CANNABIS CULTURE – It’s easy for retired generals and past presidents to come out against prohibition once they’ve left office; once away from the pressures of the profiteers and champions of the drug-war, there is less stress in confessing the conspicuous.
For leaders who still occupy positions of power, addressing the failures of the Drug War is evidently more difficult. These leaders are the ones who see first-hand the destruction caused by their policies, so to speak out while still in office takes courage and places the paradox of prohibition onto the desks of the international community, forcing officials to consider the drug-war seriously.
In an impressive lead and an important step towards leaving these outdated and harmful policies behind, President Juan Manuel Santos (pictured above) announced in June 2012 that Columbia would decriminalize the possession of small amounts of marijuana and cocaine. Further, Santos publicly agreed that we need a universal discussion on alternatives to prohibition. By doing so he has helped to open up an alternative debate among governing officials on how to stop the bloodbath associated with drug cartels that maintain a huge and highly-profitable monopoly over producing and trafficking narcotics in Latin America.
Communities who directly experience the violence know that focusing financial efforts on persecuting those in possession of marijuana is an exercise in futility. By keeping any drug illegal, a nation sweeps the trade of it under the carpet of corrupt gangs and criminal cartels, handing them millions in funds to build paramilitary forces often larger and more complex than the ones sent in by governments to stop them. The solution seems too obvious, but so does the reason it’s taken over 40 years to begin to address.
Alvaro Uribe, Santos’ predecessor who governed Colombia from 2002 to 2010, was hardly one to look at alternatives to funding the drug war. His history with the country is messy: the United Self-Defense Forces of Colombia (UAC), a guerilla group financed by the drug trade and notorious for the 1999 La Gabarra massacre, as well as the murder of nearly 5,000 civilians in the early 2000’s, was implicated with President Uribe’s government in the so-called ‘parapolitics’ scandal.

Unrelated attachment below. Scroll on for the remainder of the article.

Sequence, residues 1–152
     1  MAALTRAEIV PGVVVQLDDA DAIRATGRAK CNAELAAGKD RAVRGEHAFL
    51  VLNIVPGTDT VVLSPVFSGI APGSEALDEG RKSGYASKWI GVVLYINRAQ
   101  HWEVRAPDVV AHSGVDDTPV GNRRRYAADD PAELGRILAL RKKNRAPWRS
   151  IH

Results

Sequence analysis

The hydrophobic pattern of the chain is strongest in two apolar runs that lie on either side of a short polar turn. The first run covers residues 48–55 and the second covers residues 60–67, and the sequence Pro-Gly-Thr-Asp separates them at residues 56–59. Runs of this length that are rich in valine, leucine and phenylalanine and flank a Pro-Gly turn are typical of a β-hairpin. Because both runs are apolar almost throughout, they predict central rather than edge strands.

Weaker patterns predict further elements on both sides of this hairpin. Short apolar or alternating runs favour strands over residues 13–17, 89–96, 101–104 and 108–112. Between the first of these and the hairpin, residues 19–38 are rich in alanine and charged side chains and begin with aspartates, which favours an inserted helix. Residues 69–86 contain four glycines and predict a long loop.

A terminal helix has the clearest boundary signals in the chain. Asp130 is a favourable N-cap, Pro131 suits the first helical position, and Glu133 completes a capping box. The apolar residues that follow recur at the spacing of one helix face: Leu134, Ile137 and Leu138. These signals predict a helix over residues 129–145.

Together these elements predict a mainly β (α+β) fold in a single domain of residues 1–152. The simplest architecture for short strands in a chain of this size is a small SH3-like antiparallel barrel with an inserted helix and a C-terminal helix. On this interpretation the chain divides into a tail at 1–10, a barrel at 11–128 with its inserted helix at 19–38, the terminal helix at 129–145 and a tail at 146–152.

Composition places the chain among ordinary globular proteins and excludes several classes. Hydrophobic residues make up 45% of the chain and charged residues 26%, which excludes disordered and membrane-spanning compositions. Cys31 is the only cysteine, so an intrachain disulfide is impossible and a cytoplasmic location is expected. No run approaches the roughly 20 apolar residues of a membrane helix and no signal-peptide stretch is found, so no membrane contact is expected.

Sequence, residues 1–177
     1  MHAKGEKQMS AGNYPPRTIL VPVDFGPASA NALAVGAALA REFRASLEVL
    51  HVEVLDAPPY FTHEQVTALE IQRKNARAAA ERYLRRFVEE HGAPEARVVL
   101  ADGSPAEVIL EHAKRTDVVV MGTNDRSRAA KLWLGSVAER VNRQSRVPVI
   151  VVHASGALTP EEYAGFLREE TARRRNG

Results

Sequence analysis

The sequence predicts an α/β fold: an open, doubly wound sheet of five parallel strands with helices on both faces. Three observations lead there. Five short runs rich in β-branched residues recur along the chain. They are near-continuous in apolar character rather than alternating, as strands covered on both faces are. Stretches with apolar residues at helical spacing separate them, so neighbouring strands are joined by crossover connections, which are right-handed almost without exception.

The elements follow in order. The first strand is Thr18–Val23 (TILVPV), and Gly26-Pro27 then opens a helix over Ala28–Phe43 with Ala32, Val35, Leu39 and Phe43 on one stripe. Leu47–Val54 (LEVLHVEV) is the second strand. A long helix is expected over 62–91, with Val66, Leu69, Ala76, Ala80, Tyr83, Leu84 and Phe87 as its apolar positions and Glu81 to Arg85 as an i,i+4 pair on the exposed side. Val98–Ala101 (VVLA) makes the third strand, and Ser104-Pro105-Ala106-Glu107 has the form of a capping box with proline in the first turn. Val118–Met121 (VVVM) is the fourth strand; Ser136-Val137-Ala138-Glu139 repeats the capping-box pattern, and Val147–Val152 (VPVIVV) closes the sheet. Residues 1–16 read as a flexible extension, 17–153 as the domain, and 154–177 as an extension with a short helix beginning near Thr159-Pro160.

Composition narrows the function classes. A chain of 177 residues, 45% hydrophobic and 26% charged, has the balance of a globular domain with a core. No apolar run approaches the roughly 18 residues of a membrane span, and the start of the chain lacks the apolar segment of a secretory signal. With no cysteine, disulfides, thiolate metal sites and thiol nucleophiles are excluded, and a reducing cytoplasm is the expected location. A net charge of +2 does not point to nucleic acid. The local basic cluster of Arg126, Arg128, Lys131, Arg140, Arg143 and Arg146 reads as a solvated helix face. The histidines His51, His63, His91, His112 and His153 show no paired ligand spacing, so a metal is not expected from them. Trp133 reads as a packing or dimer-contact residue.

Congressman Mario Uribe, cousin of the then-president, was charged with illicit dealings with the armed forces, and five governors along with 32 members of Alvaro Uribe’s congress were convicted of collusion with the UAC. Unlike Santos, Uribe heavily favored militarization over the prospect of decriminalization and has been accused of letting leaders of the UAC escape after its demobilization in 2005 without punishment for their human rights atrocities. Worse, he let them integrate into key political and business roles in the country.
During the Uribe presidency, Juan Manuel Santos had been close with the president, serving as his Defense Minister. His work focused on the promotion and implementation of Urbie’s favoured policies, predominantly the military offensive against Colombia’s FARC. But after the 2010 election, which placed Santos as the country’s new leader, he began to distance himself from the previous government and when he appointed a fierce critic of Uribe’s militarization of the nation into office, Uribe and Santos had a public falling out.
With their escalating differences over both policy and personal issues that led them into adversary territory, Santos became free to speak out in support of the global legalization of marijuana as a means to stop the violence, instead of combating it by financing the military and prison industries to punish drug users.
At the United Nations General Assembly in September, Santos, along with president Felipe Calderon of Mexico and Otto Perez Molina of Guatemala, spoke out in opposition to prohibitionist policies, saying “It is our duty to determine – on an objective scientific basis – if we are doing the best we can or if there are better options to combat this scourge.” All three men have called for a global initiative to re-evaluate the War on Drugs and announced their support for the legalization of marijuana, so long as they do so in accordance with the rest of the world – eyes being on President Barak Obama and the United States.
In the face of the severe violence and unrelenting power of the FARC and insurgency cartels, and as the bridge of the drug trade from South to North, Santos said his country couldn’t be the first to legalize drugs entirely.
If Mexico, Canada and the US are to take the lead and support the Latin American countries responsible for the majority of narco-industry’s exports, and who have therefore faced the most severe end of the violence, full-scale legalization in Colombia would be an option.
Unfortunately, the Obama Administration refuses to re-evaluate its War on Drugs and will not publicly consider federal support for decriminalization. But with Santos divorcing himself from Colombia’s outdated and harmful tactics, pushing the most proven alternative for reducing drug-related harm into the spotlight, it’s hopeful that we are much closer to seeing an end to the corruption and violence caused directly by the War on Drugs and marijuana prohibition.